Kirsty Williams has been talking to Wales Online about her plans on education secretary. Here are some of the best bits:

On supporting teachers

She used tact and sensitivity, unlike some education secretaries in Whitehall. You are not going to get anything done in schools without getting teachers onside.

“I think there is some excellent practice,” said Ms Williams.

“I think that there are schools and other education institutions that are doing amazing work and children that are having a great education experience, but my concern is that it is not universal.

“There are too many variables between schools – even between schools that find themselves in the same local authority.

“What I want to do is focus on making sure that good practice, that undoubtedly exists within the system in Wales, is shared and adopted by all schools so all of our children, regardless of where they live, have access to the very best education.

“What I have been struck with in recent weeks is that the profession in many areas does not feel valued and I want to raise the status of the teaching profession.

“We are going to be asking a lot of them, it is they that will make the difference to school standards in Wales, not me in an office in Cardiff Bay – so we need to support them to do the job that we expect of them.”

Curriculum reform

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Holding Kirsty to account

When set against the backdrop of our worst performance in a National Assembly election, Kirsty Williams’ elevation to the Welsh Cabinet is nothing short of remarkable. It is no exaggeration to say that she is one of the most powerful Assembly Members in the Senedd Chamber; she may be a lone Welsh Lib Dem voice, but the power to make or break the Welsh Government is hers.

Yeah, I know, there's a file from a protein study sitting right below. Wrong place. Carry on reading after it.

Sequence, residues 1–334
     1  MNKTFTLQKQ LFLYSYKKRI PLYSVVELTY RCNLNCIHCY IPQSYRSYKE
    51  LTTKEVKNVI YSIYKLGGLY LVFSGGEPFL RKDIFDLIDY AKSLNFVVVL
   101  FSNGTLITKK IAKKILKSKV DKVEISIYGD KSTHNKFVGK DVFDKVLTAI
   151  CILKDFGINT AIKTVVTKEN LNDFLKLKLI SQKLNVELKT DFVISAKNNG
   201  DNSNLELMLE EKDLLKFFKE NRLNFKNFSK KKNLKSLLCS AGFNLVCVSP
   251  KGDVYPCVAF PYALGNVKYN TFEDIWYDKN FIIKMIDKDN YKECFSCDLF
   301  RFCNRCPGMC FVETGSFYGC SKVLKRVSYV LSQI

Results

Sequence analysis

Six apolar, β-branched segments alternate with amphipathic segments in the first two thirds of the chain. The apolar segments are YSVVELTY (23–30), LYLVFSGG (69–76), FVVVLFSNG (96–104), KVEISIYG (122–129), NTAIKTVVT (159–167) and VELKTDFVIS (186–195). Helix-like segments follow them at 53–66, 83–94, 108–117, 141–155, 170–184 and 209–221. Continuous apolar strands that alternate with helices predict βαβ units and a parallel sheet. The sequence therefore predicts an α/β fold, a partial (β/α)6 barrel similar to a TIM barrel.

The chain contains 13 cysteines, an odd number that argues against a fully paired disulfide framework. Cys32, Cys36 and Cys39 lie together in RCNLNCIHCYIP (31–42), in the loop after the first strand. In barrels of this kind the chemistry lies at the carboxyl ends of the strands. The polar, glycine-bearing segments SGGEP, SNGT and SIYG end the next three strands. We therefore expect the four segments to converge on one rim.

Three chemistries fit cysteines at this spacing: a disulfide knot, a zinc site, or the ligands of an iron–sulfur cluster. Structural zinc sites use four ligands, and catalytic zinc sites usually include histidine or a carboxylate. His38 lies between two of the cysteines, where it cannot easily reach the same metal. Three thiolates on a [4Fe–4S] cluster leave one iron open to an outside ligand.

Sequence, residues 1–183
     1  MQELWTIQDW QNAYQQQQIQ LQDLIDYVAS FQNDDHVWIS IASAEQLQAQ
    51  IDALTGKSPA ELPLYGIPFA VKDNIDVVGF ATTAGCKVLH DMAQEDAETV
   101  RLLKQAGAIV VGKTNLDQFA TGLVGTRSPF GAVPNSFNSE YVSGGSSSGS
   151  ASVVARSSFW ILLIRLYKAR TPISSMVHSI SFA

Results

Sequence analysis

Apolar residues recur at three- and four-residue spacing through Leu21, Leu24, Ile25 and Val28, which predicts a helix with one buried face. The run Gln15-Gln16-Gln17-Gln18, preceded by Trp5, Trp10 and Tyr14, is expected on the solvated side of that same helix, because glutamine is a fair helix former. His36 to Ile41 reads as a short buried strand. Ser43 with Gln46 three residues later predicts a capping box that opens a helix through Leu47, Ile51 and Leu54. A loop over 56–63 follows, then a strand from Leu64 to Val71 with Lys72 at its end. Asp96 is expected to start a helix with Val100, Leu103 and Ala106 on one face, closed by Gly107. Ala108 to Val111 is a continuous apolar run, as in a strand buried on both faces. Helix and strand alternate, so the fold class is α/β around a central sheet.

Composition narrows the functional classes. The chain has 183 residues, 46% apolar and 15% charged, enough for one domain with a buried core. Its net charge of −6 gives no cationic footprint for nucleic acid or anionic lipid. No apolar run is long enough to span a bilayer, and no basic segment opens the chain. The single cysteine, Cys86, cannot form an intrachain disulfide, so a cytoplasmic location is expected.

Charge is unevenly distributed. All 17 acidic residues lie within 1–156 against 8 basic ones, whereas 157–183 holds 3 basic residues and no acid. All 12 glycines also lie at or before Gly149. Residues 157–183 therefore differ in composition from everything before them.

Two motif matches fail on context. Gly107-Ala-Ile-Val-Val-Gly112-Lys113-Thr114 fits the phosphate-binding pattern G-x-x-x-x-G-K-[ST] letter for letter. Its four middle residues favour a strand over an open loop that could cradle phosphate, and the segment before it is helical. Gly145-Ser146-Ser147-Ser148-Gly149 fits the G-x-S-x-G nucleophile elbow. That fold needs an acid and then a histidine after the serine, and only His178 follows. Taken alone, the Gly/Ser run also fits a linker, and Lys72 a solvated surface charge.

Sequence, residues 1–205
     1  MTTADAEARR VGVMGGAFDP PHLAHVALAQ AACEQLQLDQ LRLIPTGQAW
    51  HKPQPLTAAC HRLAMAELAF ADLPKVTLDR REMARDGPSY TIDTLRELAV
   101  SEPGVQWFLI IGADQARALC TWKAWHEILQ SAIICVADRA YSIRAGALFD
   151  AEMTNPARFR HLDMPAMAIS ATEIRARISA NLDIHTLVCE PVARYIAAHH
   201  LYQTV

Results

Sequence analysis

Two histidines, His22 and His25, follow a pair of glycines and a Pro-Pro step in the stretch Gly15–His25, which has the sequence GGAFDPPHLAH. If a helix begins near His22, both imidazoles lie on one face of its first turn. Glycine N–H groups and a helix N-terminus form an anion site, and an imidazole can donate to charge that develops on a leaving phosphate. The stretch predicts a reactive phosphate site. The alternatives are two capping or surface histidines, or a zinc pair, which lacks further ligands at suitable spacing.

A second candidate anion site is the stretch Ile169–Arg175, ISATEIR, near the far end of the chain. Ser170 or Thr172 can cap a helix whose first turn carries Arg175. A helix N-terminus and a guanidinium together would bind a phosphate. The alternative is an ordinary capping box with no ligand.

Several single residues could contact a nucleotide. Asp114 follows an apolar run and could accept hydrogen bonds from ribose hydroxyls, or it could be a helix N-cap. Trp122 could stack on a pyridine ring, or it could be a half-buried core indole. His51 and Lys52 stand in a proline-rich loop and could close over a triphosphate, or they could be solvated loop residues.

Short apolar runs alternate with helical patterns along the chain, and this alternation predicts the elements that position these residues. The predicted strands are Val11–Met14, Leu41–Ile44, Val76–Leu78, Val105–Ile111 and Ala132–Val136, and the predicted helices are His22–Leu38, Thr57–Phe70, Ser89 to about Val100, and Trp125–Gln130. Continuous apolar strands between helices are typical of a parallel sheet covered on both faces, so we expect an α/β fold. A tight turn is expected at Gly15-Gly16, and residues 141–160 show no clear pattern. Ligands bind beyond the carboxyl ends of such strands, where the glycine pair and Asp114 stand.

With Kirsty’s support the Welsh Government can command 29 votes, the same as the opposition (less the presiding officer and deputy). A tied no confidence vote results in the presiding officer voting in favour of the status quo. Simply put, Labour’s First Minister Carwyn Jones loses his insurance policy if he doesn’t keep Kirsty onside.

The Welsh Party overwhelmingly endorsed the agreement at a special conference by more than 4 to 1. It is a huge, huge gamble, but it has nothing left to lose. With a Cabinet post comes profile, coverage and exposure that a sole backbench Lib Dem would never have. If you think the Party struggles to get coverage at the UK level, our Welsh coverage is next to nil outside of an election. Frankly, it gives the Welsh Liberal Democrats relevance in Welsh Politics when we should, according to our vote share, be irrelevant.

Without an Assembly group from which to take counsel, or to hold her to account, it also places Kirsty in a very powerful position in her relationship with the Party. With the Party’s endorsement under her belt, she can effectively operate as an independent and take decisions as she sees fit. So what measures will she be judged against, and who will hold her to account?